Navicat Blog

A Database Tools Showdown: HeidiSQL versus Navicat Jun 22, 2022 by Robert Gravelle

General Comparison

While HeidiSQL and Navicat Premium share many similarities, they are in fact different product types. Navicat Premium is what's known as a Universal Database Tool, which means that it supports ALL popular databases, including MySQL, MariaDB, MongoDB, SQL Server, Oracle, PostgreSQL, and SQLite. Moreover, Navicat is compatible with cloud databases as well, such as Amazon RDS, Amazon Aurora, Amazon Redshift, Microsoft Azure, Oracle Cloud, Google Cloud and MongoDB Atlas. HeidiSQL began as a MySQL/MariaDB client and evolved to suport a few additional database types. That being said, the two products are homogenous enough to warrant a side by side comparison. In this installment we'll be taking a high level inventory of pros and cons, while the next part will focus on specific features.

Visual Interface

A quick look at an application's visual interface, or UI/UX, as it's more commonly known, can instantly give us some idea about how easy or difficult the application might be to work with. With that in mind, here's a screen capture of HeidiSQL's Data view:

heidisql_gui (313K)

There is no question that the HeidiSQL UI is chock full of information. Perhaps a little too much, as some elements run out of room at smaller viewport sizes:

text_wrapping (13K)

Aside from minor glitches, the overall design is excellent; there is a main toolbar for accessing common functionality, and the bottom pane shows all database commands in real time.

Navicat 16 saw a lot of changes to the GUI. In fact, it was completely revamped with the goal of improving the usability and accessibility, allowing the user to accomplish complex tasks faster than ever before:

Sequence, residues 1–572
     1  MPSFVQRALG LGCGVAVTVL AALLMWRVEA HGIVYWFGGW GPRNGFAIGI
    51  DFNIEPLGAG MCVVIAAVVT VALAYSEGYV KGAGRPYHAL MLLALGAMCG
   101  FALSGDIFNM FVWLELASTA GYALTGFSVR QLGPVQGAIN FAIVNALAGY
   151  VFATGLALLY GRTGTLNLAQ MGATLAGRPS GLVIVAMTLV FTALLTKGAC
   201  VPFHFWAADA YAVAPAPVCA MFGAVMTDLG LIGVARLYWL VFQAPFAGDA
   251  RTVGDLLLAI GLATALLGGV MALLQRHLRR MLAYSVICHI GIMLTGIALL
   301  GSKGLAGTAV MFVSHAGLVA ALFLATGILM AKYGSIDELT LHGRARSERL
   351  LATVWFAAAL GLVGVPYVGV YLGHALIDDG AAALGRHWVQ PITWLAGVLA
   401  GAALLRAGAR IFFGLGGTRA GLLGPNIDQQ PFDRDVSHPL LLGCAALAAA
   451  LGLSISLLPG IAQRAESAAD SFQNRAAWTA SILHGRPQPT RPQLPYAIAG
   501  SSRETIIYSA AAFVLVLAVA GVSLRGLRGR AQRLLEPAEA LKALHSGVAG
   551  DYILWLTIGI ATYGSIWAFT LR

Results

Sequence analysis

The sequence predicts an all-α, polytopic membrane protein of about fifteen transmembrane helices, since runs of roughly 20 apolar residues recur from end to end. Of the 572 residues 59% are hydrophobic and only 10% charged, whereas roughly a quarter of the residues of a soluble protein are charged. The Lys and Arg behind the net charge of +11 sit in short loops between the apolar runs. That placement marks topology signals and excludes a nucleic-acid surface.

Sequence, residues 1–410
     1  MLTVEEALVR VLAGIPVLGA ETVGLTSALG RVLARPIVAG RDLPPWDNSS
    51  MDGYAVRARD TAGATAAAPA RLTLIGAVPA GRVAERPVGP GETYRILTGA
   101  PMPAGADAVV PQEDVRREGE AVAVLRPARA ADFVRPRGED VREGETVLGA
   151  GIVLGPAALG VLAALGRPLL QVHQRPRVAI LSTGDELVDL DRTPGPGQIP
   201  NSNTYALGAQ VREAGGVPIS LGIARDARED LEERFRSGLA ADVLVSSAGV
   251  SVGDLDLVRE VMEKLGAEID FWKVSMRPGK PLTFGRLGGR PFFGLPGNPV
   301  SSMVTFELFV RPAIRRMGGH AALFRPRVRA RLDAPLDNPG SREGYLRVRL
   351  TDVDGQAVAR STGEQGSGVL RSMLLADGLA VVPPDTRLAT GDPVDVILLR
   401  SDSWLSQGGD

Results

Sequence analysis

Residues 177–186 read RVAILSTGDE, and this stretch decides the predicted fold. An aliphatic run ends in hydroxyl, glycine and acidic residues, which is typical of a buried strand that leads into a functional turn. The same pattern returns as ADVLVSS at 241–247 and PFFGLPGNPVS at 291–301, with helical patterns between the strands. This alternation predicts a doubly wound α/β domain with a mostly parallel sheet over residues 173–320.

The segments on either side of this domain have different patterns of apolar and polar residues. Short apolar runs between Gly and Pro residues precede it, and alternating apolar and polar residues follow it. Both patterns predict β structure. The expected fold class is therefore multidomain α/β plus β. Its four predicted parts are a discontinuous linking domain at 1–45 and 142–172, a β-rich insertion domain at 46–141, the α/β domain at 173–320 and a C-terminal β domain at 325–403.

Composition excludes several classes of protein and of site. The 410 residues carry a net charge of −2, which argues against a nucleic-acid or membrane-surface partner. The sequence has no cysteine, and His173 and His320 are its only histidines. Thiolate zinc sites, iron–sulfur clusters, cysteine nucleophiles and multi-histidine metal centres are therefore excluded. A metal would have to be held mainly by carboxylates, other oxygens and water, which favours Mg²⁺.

navicat_gui (242K)

Navicat shows the latest database command at the bottom of the screen, and also includes additional table, column, and DDL information in the right pane.

Some Quick Pros and Cons

Now, let's run through some pros and cons of each product. First, HeidiSQL:

Pros:

  • It's lightweight.
  • Connects to multiple servers in one window.
  • Free to use – Licensed under GNU GPL. The source code is also available.
  • Available in a portable version.
  • Full database user roles and privileges management.
  • Write queries with customizable syntax-highlighting and code-completion.
  • Data synchronization. HeidiSQL can compare and synchronize your data and structure between local and remote databases.
  • SSH tunneling support

Cons:

  • Low stability. HeidiSQL is known to have a lot of bugs that result in frequent crashes.
  • It's only available for Windows and it doesn't look like a cross-platform is coming anytime soon.
  • No built-in debugger included
  • Low DPI display. (DPI stands for dots per inch and it determines clarity and crispness to a display.) The author attempted to add high DPI but wound up dropping it.

And now, Navicat Premium:

Pros:

  • It's cross-platform and supports multiple drivers.
  • Data and structure synchronization.
  • Visual query builder and report builder.
  • Excellent import/export capabilities.
  • SSH tunneling and SSL (Secure Sockets Layer) support
  • Supports many languages, including Polish, Russian, Japanese, Portuguese, Korean, Simplified Chinese, Traditional Chinese, Spanish, French, and English.
  • Compatible with other Navicat products, including Navicat Monitor, Navicat Data Modeler, Navicat Report Viewer, and Navicat Data Modeler Essentials.

Cons:

  • It's a commercial product. Perhaps a con if you're on a very limited budget and need to work with multiple database types, such as PostgreSQL, SQL Server, or SQLite. In that case, you would have to purchase the Navicat premium package.
  • It's somewhat resource-intensive as it requires fairly high memory while running.

Coming Up...

In part 3, we'll be examining specific features, such as supported platforms and databases, as well as SQL Editing.

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